NORTHWESTERN ONTARIO – The Northern Policy Institute has released a province-wide study on homelessness, addictions, and mental health that shows a province-wide epidemic on all three fronts.
Although the study is province-wide, the research shows that Northern Ontario has the highest rate of homelessness, mental health, and addiction cases compared to the South.
According to NPI’s study, “[u]rgent action is required to address Northern Ontario’s homelessness, addiction, and mental health crisis. Homeless enumeration data for 2021 show that Sault Ste. Marie and the districts of Kenora, Nipissing, and Cochrane have larger homeless populations than some of Ontario’s largest municipalities per 1,000 people.”
The study also highlights that Thunder Bay’s homeless population has more than double that of the municipality of Ottawa, Hamilton, and Waterloo.
Even more startling is the number of opioid-related emergencies and death in the North.
“Every northern health unit experienced the highest number of opioid-related emergency department visits within the last five years,” writes Holly Parsons, author of More than just a Number: Addressing the Homelessness, Addiction, and Mental Health Crisis in the North.
The Thunder Bay District Health reports a 305 per cent increase in opioid-related emergency department visits while Northwestern Health Unit reports that their cases have more than doubled since 2017. The study also reports a significant spike in opioid-related death with the Northwest Health Unit reporting an 88 per cent increase in a single year.
Although on the surface homelessness, addictions, and mental health are always inter-connected, they are factors of a larger social issue plaguing the North.
NOMA president Wendy Landry said, “it’s a huge challenge, and it’s a huge challenge across the province no doubt. But we believe in Northern Ontario our challenges are unique. Our challenges need to be looked at in a different capacity than it has been across the province. We appreciate the work that the province has been doing on health and wellness, mental health and addictions, hospitals and physicians, but we feel that our situation in the north is extremely unique. That’s why we are asking the government for separate consideration on the challenges we have up here in the north.”
Landry acknowledges the uniqueness of the challenges here in the north when addressing this crisis.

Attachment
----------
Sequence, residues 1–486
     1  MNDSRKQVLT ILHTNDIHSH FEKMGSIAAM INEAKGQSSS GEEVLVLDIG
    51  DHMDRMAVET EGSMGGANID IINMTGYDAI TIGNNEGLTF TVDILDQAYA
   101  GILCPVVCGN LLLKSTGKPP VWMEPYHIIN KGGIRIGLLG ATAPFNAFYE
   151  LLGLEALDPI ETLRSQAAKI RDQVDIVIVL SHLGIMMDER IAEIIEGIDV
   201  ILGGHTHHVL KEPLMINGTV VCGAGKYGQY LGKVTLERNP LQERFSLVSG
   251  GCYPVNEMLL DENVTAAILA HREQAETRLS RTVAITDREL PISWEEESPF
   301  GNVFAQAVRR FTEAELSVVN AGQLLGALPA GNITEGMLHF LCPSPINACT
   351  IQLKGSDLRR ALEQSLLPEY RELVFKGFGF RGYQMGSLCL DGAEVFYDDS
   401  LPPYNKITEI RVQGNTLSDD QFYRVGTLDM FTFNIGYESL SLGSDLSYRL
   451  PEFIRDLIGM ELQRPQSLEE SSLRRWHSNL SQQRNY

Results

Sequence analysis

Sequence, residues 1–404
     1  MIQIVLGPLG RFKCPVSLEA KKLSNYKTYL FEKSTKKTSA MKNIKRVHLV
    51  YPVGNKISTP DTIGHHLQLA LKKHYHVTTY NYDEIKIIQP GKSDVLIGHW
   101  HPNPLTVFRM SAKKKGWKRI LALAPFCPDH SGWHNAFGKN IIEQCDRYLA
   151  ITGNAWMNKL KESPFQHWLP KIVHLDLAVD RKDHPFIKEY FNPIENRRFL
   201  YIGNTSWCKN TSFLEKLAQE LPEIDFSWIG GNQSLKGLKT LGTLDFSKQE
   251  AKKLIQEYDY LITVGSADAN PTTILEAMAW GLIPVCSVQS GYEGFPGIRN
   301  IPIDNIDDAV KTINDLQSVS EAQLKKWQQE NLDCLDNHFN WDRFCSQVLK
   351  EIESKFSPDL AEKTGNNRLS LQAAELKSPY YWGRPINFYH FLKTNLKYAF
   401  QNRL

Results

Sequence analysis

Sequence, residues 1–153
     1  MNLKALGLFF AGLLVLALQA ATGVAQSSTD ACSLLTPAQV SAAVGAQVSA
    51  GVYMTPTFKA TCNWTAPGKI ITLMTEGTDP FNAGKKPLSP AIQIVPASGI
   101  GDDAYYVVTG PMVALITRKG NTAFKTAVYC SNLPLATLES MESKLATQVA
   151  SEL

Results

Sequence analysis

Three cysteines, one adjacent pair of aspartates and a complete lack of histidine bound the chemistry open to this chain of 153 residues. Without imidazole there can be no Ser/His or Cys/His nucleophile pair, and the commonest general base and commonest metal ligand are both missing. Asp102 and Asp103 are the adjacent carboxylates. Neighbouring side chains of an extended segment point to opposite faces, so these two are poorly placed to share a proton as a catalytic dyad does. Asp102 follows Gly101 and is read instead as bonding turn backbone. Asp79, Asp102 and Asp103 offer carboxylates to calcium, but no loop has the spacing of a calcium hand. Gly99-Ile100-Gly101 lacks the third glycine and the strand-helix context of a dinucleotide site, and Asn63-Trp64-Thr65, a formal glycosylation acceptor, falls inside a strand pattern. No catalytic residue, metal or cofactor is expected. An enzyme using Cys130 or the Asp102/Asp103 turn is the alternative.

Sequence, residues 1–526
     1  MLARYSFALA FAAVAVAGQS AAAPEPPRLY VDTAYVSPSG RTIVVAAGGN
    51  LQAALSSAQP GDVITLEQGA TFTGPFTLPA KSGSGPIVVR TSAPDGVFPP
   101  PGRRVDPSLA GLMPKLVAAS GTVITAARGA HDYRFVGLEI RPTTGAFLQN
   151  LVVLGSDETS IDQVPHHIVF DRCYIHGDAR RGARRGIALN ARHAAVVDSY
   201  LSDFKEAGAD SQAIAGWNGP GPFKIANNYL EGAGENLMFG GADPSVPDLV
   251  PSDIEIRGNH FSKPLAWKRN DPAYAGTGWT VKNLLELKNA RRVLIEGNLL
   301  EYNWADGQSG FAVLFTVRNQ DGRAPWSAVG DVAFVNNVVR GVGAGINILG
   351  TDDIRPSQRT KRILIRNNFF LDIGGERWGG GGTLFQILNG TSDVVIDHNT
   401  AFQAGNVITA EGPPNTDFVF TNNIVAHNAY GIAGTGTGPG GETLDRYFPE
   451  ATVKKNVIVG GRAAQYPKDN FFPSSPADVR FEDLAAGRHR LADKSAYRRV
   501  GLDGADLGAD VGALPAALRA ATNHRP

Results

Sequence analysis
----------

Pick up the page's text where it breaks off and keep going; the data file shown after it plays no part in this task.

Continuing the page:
“I just got a call this week of a friend of a young lady I coached in women’s hockey who lost her life to an opioid overdose. It’s unfortunate that we know more moms who are going through this. It’s very different here in the north. To access mental and addiction help in the north, there are waiting periods, there isn’t physician available, there isn’t the agencies availability like they have in Southern Ontario,” Landry said.
Medical jurisdictions play a major factor in medical services. Although the province handles funding for health care, the funding handed down from the province isn’t enough to cover these services through a municipal budget.
“As the homelessness, addiction, and mental health crisis worsens in Northern Ontario, current services and programs are evidently not meeting the needs of northern communities. As the ones ‘on the ground’ interacting with community members, municipal governments face tremendous pressure from their tax bases to solve homelessness, addiction, and mental health issues in the community, but they are restricted by tight budgets,” Parson writes.
In the meantime, the shortage of health care professionals, housing resources, inadequate funding, and lack of action from decision makers across the region has created another substantial barrier when addressing these three epidemics.
Parson writes, “[t]hese barriers have contributed to breaks in the housing continuum and continuums of care for addiction and mental health that are also exacerbating the crisis. Housing and health service barriers and gaps need to be addressed urgently to reduce the number of Northerners struggling with homelessness, addiction, and mental health issues.”
Therefore, Parson’s paper identifies eight evidence-driven and economically valuable strategies to address mental health, addiction, and homelessness.
- Provide long-term funding for capital repairs on community housing units;
- Amend the Health Protection and Promotion Act, 1990 to define a Northern Service Hub and provide additional funding to make it available in communities;
- Establish a joint action taskforce to collect data and intelligence on the underlying and systematic retention issues of health care professionals in Northern Ontario;
- Support new and existing Housing First programs;
- Support new and existing culturally sensitive community housing facilities for Indigenous peoples;
- Establish a Northern Mental Health and Addictions Centre to address the unique challenges of service and program delivery in Northern Ontario;
- Contract a third-party operator for interfacility patient transfers to relieve the workload of paramedics;
- Establish mandated mobile crisis intervention teams (MCIT) in municipalities throughout Northern Ontario.
Landry will take the NPI study to the Association of Municipalities Ontario conference where she will present the finding to Premier Ford, the Minister of Health Sylvia Jones, and Ontario's Minister of Municipal Affairs and Housing Steve Clark, as well as, the official opposition NDP Interim Leader Peter Tabuns.
“We’re advocating for a Northern Hub,” explains Landry. “A northern approach to these problems, and like I said they have very unique to the northern province and our geographical area. Access to those mental health doctors, the addiction work, and all of that are really hard to come by here, and we really need to do something because this is an epidemic.”
To read the full study: More than just a Number: Addressing the Homelessness, Addiction, and Mental Health Crisis in the North, click on the link.